There will be another film screening and public forum for the Transition Catskills movement on Saturday, July 26, at 4 p.m. at the Roxbury Arts Center in Roxbury.
Tomasi, who owns a second home in the Delaware County town of Middletown, also lives in London, where he first got word of Transition, an initiative that began in England around 2006 and addressed issues of oil dependence and economic instability.
“I’m not a leader, I’m a facilitator,” Tomasi told the group. “I’m not here to tell people how to live. Just here to start the dialogue.” Read more
An ongoing investigation into heroin and other illegal drug sales in Delaware County has led to the recent arrests of two local people on sealed grand jury indictments, the Delaware County Sheriff's Office announced Friday.
Arrested on Thursday, July 17 were 31-year-old Gerard Johnson of Walton, who faces charges stemming from the alleged sale of heroin in the village of Walton in June, and 41-year-old Cindy Manon of Arkville, who is accused of selling suboxone in the hamlet of Arkville. Both were arraigned in Delaware County court on Friday and remanded to the Delaware County jail without bail. Read more
Longtime Catskills wilderness guide Charles “Sonny” Somelofski has earned a few more gray hairs since this photo was taken — and caught countless more fish. Photo courtesy of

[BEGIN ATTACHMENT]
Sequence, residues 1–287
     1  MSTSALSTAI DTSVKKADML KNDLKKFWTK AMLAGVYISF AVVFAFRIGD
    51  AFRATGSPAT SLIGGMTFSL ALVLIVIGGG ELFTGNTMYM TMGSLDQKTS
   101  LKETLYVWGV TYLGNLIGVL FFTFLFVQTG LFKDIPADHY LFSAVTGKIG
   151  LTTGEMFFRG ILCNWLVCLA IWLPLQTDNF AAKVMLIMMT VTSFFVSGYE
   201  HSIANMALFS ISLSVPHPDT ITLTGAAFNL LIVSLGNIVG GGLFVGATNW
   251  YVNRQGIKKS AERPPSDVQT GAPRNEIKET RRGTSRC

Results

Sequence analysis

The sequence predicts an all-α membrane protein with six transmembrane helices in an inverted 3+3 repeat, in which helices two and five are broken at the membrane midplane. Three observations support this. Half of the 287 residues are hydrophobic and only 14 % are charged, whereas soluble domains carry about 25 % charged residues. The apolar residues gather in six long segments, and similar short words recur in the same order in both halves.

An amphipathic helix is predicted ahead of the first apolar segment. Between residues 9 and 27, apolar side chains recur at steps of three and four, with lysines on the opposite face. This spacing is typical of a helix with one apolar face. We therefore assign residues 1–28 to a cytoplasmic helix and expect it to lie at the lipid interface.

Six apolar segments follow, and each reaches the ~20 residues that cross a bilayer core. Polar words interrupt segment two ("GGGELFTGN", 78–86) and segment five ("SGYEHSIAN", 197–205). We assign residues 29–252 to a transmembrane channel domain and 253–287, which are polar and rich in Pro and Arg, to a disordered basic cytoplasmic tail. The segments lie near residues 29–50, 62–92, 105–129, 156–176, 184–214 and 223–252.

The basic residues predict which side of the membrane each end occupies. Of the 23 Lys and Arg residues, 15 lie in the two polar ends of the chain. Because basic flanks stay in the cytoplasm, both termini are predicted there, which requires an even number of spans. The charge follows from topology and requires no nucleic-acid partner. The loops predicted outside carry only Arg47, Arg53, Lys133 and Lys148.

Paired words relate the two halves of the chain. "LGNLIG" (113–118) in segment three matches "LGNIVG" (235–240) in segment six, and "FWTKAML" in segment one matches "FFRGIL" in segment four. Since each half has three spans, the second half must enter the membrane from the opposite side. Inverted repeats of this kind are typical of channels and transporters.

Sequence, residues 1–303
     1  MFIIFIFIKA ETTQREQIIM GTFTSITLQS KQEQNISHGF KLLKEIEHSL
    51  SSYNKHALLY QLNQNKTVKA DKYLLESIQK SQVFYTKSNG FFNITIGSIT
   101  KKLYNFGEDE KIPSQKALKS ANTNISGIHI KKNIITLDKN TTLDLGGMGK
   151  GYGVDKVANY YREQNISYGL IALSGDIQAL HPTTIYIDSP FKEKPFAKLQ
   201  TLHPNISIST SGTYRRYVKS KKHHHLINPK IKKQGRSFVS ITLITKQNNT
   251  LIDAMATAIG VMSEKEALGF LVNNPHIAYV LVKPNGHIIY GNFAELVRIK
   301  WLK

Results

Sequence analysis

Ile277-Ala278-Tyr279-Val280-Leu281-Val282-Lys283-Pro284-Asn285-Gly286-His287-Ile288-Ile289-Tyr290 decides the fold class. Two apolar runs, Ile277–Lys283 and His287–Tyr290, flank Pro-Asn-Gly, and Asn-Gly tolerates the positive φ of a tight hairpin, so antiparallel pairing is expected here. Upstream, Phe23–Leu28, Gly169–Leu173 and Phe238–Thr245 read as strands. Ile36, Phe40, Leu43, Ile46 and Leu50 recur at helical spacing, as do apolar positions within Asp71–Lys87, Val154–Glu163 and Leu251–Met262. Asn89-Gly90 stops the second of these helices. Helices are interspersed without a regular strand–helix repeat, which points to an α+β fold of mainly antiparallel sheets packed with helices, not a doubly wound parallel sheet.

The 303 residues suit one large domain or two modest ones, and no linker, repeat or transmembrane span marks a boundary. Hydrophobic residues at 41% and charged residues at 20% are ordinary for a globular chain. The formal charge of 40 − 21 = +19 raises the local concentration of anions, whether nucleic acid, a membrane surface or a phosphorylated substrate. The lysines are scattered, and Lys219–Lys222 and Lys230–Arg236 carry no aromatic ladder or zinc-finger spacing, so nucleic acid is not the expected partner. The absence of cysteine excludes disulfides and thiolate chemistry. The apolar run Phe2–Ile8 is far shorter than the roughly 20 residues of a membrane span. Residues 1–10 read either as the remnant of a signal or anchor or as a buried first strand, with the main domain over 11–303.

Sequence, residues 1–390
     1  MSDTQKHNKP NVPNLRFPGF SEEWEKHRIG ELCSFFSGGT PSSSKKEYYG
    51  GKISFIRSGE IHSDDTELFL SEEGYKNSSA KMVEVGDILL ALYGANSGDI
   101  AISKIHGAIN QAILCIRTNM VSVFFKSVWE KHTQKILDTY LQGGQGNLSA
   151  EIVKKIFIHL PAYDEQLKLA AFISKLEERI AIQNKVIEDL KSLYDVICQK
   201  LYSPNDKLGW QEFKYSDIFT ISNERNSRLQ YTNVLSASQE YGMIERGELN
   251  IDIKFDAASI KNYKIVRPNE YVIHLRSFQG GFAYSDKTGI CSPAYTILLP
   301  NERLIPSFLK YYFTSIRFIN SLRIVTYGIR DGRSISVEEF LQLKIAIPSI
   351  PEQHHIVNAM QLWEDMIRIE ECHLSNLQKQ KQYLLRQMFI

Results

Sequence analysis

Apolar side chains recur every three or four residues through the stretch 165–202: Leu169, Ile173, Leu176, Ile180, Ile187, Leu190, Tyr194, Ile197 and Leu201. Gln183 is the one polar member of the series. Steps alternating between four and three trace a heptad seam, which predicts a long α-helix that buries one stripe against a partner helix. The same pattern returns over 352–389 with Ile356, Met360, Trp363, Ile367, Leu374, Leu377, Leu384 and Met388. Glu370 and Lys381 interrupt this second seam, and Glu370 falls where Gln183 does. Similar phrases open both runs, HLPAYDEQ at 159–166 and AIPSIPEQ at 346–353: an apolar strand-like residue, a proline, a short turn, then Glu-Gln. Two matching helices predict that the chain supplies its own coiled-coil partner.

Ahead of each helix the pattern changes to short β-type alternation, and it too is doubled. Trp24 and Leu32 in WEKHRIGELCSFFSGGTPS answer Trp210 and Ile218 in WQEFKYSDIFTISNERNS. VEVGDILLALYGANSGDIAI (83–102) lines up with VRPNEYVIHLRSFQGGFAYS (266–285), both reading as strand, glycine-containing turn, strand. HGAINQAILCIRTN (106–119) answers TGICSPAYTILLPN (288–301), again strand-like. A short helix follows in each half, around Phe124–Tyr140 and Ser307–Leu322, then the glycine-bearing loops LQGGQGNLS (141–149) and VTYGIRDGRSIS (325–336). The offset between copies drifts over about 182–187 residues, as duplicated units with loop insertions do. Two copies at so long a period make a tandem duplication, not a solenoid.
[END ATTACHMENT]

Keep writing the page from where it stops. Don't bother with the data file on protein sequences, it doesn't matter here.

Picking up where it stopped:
Catskill Outdoor Adventures (catskilloutdooradventures.com).
Charles “Sonny” Somelofski of Catskill Outdoor Adventures in Margaretville (catskilloutdooradventures.com), remembers when the licensing process to become an outdoor guide in New York state was a simple paper questionnaire with a $2 fee that asked whether he could swim, handle a boat, and read a map and compass.
“That was it, back then,” Somelofski says. “Bang! I was able to take people out and do it all.”
Today, being a state-licensed outdoor guide requires a bit more: taxable income disclosure forms, a physician’s statement, and certifications in first aid, CPR, and water safety. Those are the just the basics. Guides can be licensed in a number of different categories, ranging from camping and fishing to whitewater rafting and ice climbing, each with different licensing requirements.